Property packages being offered to entice people to the South Otago town of Kaitangata have been snapped up, with hopes the scheme could be rolled out elsewhere.
Local dairy farmer Evan Dick came up with the deal in June, which offered a new home for $230,000, and the promise of a surplus of work in the town.
Mr Dick said he started the project to bring back a bit of life to the town, and hoped to attract one or two new families.
With 11 home and land packages now sold, he's delighted.
He said Kaitangata's newest residents would include a South African family who were already living in New Zealand, an Auckland woman and her two sons, an Australian family and a man who had lived in Kaitangata more than 20 years ago and was moving back.
Balclutha Real Estate agent Margot Berney said that considering there were only two or three sales in Kaitanaga over the course of a couple of years, 11 sales was massive for the town of about 800 people.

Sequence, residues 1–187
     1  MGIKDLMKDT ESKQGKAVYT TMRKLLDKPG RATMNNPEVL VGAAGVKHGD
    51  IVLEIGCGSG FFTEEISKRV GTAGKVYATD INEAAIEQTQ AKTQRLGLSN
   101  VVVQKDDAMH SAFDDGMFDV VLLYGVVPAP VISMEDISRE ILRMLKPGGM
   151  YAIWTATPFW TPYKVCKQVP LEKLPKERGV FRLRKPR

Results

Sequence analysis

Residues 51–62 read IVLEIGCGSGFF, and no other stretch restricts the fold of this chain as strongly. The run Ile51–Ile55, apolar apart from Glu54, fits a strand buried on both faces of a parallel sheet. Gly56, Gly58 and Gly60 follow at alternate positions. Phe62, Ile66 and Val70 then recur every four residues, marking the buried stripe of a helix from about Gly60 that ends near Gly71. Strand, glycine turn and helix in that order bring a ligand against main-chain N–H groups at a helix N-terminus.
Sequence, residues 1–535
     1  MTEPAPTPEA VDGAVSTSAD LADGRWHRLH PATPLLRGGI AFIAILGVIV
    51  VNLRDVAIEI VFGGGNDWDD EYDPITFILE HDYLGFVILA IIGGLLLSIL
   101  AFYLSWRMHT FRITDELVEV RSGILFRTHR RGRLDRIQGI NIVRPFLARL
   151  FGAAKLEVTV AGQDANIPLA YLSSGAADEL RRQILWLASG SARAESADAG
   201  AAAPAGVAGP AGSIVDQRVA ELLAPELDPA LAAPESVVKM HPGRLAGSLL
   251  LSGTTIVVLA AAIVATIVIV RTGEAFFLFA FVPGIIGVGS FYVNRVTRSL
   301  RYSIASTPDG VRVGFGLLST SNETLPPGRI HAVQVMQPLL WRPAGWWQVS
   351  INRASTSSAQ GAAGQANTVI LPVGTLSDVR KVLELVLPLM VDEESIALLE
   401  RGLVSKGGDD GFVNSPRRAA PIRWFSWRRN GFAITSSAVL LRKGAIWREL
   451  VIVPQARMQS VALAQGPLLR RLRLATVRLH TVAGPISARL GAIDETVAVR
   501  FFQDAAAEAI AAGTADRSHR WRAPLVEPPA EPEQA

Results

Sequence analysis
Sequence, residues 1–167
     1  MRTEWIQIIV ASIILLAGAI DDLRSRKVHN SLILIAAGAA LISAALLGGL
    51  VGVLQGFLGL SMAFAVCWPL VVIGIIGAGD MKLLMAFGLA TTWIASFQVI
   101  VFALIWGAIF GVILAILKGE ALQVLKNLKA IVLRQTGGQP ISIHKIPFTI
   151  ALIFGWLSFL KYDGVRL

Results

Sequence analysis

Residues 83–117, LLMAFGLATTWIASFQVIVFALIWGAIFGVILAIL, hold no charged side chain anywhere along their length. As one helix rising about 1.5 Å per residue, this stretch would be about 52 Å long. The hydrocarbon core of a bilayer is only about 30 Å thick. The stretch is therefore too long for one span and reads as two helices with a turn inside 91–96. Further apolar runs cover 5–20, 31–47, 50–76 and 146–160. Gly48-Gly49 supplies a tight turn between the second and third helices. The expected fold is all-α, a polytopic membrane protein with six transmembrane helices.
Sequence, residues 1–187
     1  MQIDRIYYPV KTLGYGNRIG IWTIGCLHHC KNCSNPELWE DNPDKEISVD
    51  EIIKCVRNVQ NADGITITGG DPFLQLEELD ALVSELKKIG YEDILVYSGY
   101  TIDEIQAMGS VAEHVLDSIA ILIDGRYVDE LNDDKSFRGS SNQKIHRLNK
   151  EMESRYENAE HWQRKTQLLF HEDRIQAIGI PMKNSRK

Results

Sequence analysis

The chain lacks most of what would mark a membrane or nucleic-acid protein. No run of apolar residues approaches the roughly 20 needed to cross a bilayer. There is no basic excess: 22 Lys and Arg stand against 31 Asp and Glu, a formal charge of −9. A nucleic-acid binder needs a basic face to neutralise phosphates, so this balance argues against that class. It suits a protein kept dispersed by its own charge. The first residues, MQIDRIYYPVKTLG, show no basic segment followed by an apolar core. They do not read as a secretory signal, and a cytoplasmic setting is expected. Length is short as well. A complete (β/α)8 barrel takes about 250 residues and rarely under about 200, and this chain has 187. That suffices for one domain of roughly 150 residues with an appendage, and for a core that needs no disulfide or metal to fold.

"This is the whole reason that this idea was put together - people had sections, and they land-banked them, and nothing ever moved... It's such a huge difference."
The promotion has also led to a large volume of emails and inquiries to Clutha Development from people wanting to move to the wider area and looking for work.
Clutha Development chief executive Linda Moore said they had set up a job portal, which listed available jobs, in response to the interest.
Two weeks in, they have 23 listings on the site, several offering multiple opportunities.
Mr Dick would next week meet with two local MPs and said he hoped they would support sourcing government funding for the project, including the construction of several homes in Kaitangata.
That would help encourage people who were unsure about moving to the region, including families from Auckland who were interested but found it too difficult to commit to a bare section, he said.
Mr Dick said they would be happy to take on the mortgage for an already constructed home.
He hoped the project could be started in Kaitangata and rolled out in other regional areas.